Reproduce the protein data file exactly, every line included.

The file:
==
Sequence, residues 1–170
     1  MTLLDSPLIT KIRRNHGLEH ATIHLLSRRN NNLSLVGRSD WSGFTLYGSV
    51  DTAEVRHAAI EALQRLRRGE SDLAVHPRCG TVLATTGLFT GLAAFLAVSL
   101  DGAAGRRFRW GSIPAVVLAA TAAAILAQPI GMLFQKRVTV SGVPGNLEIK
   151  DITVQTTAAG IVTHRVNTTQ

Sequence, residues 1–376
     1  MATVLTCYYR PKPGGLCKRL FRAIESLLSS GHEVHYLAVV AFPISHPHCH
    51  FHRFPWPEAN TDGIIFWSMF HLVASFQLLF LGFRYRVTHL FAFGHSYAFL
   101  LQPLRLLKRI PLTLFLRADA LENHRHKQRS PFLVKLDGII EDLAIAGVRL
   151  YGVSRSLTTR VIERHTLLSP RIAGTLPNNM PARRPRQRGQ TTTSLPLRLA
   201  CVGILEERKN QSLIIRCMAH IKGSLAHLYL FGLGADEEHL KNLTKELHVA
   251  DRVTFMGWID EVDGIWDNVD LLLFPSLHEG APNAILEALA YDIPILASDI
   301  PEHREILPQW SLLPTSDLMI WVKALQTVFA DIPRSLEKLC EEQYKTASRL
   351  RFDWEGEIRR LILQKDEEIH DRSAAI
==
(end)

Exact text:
Sequence, residues 1–170
     1  MTLLDSPLIT KIRRNHGLEH ATIHLLSRRN NNLSLVGRSD WSGFTLYGSV
    51  DTAEVRHAAI EALQRLRRGE SDLAVHPRCG TVLATTGLFT GLAAFLAVSL
   101  DGAAGRRFRW GSIPAVVLAA TAAAILAQPI GMLFQKRVTV SGVPGNLEIK
   151  DITVQTTAAG IVTHRVNTTQ

Sequence, residues 1–376
     1  MATVLTCYYR PKPGGLCKRL FRAIESLLSS GHEVHYLAVV AFPISHPHCH
    51  FHRFPWPEAN TDGIIFWSMF HLVASFQLLF LGFRYRVTHL FAFGHSYAFL
   101  LQPLRLLKRI PLTLFLRADA LENHRHKQRS PFLVKLDGII EDLAIAGVRL
   151  YGVSRSLTTR VIERHTLLSP RIAGTLPNNM PARRPRQRGQ TTTSLPLRLA
   201  CVGILEERKN QSLIIRCMAH IKGSLAHLYL FGLGADEEHL KNLTKELHVA
   251  DRVTFMGWID EVDGIWDNVD LLLFPSLHEG APNAILEALA YDIPILASDI
   301  PEHREILPQW SLLPTSDLMI WVKALQTVFA DIPRSLEKLC EEQYKTASRL
   351  RFDWEGEIRR LILQKDEEIH DRSAAI